The FCC also told phone companies that if they owned fiber networks the FCC won’t regulate them, and they now “insist on owning the fiber all the way to the unit.”

This is significant because it would mean that the FCC would have to tell phone companies that they need to share their wiring, which Ames does not think is likely to happen.

Fifth, providers find the repeal of net neutrality really helpful because they’re not in the business of regulating broadband.

Sixth, there’s a lot more involved in developing a new multifamily/apartment network than one might think. Some have complained that it’s unfair for owners to get a little back on a door fee or revenue share; however, said Ames, “when you’re spending 50 million dollars to develop a property and you’re paying for a lot of the initial wiring costs, I don’t think that argument flies.”


FCC Commissioner Supports Rural Telco Efforts to Implement ‘Rip and Replace’

In remarks at the Rural Wireless Association event on Wednesday, Commissioner Geoffrey Starks reaffirmed the FCC’s goals.



Photo of Carri Bennet, general counsel of the Rural Wireless Association, leading a discussion at the summit on Wednesday by Drew Clark

PARK CITY, Utah, June 30, 2022 – Federal Communications Commissioner Geoffrey Starks acknowledged the agency’s goal of obtaining secure broadband networks at an event of the Rural Wireless Association on Wednesday.

“We must ensure that our broadband networks are secure,” Starks said in keynote address at the Rural Wireless Infrastructure Summit here, delivered via Zoom. “This is evident in the constant barrage of attacks of American networks from hostile state and non-state actors.”

Starks continued, “insecure networks, by definition, can’t provide the stable, reliable, always on communications we need. Especially during emergencies… Broadband must be secure for the full benefits of broadband to be achieved.”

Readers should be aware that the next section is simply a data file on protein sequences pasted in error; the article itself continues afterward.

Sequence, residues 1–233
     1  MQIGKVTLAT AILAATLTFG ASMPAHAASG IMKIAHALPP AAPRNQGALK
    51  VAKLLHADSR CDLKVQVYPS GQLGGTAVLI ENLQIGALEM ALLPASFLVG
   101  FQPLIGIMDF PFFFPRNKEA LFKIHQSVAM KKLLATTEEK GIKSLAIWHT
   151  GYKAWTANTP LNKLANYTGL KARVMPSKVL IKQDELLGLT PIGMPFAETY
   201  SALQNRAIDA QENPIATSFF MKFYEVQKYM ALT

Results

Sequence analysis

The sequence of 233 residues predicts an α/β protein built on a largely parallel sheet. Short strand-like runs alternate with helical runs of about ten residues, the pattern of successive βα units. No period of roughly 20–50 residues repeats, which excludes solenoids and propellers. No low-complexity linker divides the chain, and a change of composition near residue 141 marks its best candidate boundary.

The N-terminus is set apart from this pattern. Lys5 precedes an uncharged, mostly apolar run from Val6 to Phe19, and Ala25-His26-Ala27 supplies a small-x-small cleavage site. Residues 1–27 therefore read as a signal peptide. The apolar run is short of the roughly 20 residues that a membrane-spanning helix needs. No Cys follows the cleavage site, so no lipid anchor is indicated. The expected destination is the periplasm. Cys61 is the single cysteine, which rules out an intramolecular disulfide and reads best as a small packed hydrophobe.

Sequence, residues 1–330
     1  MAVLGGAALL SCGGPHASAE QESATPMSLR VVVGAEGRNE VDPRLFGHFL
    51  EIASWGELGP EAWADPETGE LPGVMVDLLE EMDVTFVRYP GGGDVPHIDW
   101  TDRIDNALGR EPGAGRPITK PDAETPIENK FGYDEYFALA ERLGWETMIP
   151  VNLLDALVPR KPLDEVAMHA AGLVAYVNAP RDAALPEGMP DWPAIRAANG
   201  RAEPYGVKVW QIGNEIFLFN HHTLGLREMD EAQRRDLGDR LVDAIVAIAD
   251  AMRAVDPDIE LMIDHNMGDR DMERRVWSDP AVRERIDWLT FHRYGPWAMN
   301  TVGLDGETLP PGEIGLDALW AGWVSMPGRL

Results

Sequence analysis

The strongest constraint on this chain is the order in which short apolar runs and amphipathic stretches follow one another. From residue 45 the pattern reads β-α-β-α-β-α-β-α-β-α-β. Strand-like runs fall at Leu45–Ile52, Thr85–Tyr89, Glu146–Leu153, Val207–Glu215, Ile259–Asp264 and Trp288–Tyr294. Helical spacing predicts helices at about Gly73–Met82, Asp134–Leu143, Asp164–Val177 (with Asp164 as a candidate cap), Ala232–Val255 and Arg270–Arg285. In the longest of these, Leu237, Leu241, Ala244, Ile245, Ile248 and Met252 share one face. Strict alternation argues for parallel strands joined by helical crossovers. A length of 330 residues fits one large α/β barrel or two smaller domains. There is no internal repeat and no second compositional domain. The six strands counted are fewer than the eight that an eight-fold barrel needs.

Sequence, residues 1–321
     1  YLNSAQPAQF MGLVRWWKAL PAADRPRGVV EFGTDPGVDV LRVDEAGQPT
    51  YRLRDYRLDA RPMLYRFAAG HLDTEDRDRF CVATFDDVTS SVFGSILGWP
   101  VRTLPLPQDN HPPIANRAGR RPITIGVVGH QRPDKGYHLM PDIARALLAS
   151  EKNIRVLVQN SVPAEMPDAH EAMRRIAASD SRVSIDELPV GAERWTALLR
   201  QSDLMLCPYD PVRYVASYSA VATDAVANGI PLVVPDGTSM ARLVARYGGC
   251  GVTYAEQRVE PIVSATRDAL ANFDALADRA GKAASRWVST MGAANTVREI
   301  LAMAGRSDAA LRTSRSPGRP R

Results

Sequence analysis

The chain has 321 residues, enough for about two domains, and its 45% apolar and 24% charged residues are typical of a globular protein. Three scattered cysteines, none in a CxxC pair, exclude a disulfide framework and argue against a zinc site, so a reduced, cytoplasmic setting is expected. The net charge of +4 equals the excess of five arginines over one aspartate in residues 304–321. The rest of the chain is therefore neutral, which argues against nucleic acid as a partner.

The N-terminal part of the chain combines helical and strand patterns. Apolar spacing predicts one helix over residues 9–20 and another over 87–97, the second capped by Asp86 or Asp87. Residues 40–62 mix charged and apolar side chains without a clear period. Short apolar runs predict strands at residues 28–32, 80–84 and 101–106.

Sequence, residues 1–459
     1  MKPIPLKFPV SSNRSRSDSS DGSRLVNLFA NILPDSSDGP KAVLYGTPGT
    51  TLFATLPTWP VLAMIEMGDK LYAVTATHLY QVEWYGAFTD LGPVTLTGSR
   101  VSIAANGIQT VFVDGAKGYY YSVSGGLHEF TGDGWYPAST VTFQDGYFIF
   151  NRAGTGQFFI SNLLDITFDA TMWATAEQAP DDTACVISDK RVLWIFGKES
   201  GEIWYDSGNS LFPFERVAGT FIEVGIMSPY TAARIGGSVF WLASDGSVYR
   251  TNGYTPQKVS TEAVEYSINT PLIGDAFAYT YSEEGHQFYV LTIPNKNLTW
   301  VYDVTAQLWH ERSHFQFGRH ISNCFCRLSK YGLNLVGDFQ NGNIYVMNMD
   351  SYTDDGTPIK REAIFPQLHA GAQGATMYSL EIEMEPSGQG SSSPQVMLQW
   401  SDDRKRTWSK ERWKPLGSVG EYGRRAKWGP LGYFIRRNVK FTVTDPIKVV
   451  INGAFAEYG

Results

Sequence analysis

The issue of ridding American telecommunications networks of equipment manufactured in China was a constant theme during the conference.

In addition to Starks’ presentation, several sessions addressed the dilemma faced by telecommunications carriers, particular rural ones, that had in the past invested heavily in lower-cost equipment from Huawei, a leading Chinese manufacturer.

As the political winds have changed on the topic over the past three years, Congress has allocated funds for a “rip and replace” program. The FCC is expected to announce the providers that will receive nearly $2 billion as part of the program by July 15.

But some fear that number could be more than $4 billion short of needed funds.

“The funds available will cover only a very small portion” of the costs to replace Huawei with non-Chinese manufacturers, said Carri Bennet, general counsel of the Rural Wireless Association.

Potential new requirements imposed on telecom providers

The commission recently sought comment on whether it should require carriers that receive high-cost support to have include baseline cyber security and supply chain risk management plans.